I remember when I was first introduced to this paradox in 8th grade; it was utterly puzzling (until I heard a solution). A simplified version goes something like this:
Achilles and the tortoise are having a 1000 paces race, but the tortoise has a head start of 800 paces (Achilles is much faster than the tortoise). As the tortoise inches forward, Achilles makes a plan.
First, he'll get to the halfway point (let's call it Bob) between himself and the tortoise. Of course, to get to Bob, Achilles realizes, he has to get to the halfway point between himself and Bob (let's call it Jane). And before he can consider anything else, he must first get to the halfway point between himself and Jane (called Sam). [...]
As Achilles continues to think through his plan, he realizes he can never even catch up to the tortoise, let alone win the race. When viewed abstractly, the problem seems to show that nothing can ever pass anything else—that motion is an illusion. Until the early 20th century, there wasn't really a way to handle this paradox appropriately. However, with the advent of infinite series, we can say that the reason Achilles does pass the tortoise is because if you add up all the little pieces (1/2 + 1/4 + 1/8 + 1/16 ...) you get 1 (which represents the total distance between Achilles and the tortoise).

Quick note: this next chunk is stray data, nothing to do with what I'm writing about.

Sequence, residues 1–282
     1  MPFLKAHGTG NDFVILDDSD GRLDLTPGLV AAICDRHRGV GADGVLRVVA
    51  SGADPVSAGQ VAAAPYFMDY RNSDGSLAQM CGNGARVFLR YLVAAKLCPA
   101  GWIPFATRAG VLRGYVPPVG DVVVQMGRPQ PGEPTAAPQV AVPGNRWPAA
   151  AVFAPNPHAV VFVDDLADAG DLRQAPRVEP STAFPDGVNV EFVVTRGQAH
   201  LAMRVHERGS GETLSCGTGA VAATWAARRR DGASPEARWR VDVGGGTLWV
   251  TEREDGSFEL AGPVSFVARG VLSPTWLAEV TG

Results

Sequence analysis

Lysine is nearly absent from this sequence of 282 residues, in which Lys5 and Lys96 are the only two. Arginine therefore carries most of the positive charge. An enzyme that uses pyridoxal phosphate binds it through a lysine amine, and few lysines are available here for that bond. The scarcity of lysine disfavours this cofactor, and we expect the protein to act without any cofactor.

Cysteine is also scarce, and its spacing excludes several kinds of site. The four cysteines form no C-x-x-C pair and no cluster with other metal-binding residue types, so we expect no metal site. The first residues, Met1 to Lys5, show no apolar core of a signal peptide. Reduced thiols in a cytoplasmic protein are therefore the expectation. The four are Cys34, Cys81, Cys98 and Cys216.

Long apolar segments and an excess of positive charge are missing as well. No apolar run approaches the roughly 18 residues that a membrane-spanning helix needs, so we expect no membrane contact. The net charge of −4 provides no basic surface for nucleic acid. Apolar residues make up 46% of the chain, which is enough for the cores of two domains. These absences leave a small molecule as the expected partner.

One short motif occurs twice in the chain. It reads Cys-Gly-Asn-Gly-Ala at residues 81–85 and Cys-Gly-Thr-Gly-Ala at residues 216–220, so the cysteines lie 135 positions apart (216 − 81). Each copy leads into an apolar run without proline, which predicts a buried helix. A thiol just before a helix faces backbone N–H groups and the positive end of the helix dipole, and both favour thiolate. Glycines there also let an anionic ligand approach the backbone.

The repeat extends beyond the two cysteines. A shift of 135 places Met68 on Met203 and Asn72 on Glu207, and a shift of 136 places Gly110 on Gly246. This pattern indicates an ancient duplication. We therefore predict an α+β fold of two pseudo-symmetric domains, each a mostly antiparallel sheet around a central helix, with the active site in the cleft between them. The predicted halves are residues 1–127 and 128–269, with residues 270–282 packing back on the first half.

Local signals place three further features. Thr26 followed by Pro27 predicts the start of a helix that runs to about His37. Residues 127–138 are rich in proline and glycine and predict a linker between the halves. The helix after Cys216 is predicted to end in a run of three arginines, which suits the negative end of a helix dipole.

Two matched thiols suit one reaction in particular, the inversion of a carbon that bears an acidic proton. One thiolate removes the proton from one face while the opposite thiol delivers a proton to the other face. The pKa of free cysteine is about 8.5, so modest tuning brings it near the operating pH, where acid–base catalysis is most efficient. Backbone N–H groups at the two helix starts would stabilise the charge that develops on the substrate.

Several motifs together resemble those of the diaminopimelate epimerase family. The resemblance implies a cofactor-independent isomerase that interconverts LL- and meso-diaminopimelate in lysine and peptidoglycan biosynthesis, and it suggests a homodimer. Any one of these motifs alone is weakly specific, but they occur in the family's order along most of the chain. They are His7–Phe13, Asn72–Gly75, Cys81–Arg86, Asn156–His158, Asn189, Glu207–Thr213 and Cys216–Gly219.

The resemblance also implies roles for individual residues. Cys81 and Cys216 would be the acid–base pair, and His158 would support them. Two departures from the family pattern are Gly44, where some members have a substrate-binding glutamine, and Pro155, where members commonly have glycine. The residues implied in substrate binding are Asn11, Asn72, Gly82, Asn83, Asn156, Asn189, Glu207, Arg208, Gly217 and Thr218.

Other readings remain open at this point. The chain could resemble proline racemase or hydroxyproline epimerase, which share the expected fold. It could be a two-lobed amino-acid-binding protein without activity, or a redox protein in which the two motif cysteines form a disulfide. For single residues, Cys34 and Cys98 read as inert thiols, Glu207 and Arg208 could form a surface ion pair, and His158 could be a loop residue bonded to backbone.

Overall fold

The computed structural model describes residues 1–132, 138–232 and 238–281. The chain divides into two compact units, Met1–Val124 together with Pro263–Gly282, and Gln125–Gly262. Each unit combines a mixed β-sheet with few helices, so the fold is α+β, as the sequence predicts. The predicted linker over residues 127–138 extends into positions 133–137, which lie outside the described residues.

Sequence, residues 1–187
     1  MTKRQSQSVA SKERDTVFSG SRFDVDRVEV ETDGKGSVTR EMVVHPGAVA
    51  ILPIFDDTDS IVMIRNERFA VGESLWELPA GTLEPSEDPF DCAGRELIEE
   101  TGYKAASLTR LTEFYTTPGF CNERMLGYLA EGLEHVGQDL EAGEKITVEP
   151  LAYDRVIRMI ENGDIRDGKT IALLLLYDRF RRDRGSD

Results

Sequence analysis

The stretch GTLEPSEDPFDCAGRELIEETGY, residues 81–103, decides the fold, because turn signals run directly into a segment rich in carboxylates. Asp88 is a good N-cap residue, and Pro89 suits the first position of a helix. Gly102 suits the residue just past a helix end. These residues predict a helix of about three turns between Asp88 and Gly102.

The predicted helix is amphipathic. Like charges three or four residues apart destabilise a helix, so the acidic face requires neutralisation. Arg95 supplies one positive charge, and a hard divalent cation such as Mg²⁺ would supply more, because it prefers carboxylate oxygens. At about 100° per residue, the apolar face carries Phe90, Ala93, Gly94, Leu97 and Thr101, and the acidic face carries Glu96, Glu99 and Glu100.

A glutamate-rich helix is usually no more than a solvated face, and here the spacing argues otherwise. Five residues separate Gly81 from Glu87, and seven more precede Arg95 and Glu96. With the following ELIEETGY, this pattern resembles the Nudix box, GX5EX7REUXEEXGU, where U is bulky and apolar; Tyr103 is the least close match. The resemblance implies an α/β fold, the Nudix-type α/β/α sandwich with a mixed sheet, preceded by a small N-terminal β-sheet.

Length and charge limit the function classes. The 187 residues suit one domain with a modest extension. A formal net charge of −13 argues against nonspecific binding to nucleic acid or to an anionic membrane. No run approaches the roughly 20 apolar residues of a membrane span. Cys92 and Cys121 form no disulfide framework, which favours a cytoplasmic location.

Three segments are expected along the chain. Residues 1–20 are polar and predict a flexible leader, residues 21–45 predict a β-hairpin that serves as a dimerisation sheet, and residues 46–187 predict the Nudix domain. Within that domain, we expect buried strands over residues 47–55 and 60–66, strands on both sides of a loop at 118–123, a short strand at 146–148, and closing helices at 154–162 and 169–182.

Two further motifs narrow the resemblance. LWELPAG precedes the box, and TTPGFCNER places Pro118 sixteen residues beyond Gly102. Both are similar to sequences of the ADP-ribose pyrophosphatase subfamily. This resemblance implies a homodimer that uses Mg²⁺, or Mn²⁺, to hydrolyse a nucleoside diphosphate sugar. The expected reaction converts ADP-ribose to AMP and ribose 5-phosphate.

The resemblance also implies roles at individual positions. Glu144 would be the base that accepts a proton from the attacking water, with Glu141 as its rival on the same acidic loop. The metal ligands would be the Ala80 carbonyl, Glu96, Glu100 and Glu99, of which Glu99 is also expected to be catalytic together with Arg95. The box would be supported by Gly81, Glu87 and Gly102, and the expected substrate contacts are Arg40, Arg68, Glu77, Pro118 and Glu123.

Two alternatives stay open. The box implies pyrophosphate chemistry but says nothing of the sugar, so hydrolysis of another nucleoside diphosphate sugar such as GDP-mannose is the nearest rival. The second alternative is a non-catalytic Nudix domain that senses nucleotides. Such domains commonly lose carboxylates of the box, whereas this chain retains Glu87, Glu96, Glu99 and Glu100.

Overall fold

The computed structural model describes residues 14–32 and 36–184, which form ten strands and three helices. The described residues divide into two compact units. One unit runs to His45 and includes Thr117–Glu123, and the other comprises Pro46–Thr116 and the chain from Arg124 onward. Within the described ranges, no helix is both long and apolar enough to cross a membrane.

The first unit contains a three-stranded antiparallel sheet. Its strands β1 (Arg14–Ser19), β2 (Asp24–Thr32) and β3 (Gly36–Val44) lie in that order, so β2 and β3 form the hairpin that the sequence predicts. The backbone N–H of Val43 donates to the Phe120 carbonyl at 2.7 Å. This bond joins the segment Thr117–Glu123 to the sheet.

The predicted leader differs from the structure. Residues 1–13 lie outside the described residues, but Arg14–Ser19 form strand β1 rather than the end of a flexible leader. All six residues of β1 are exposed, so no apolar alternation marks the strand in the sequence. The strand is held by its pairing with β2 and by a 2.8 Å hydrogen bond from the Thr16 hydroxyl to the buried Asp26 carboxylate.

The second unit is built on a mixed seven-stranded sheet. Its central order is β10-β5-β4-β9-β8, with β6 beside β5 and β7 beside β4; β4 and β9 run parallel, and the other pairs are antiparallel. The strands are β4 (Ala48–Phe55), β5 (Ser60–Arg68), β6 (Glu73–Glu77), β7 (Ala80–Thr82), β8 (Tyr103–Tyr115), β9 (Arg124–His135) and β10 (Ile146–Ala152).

Fun fact: Zeno's paradoxes are considered some of the earliest examples of reductio ad absurdum, also known as proof by contradiction.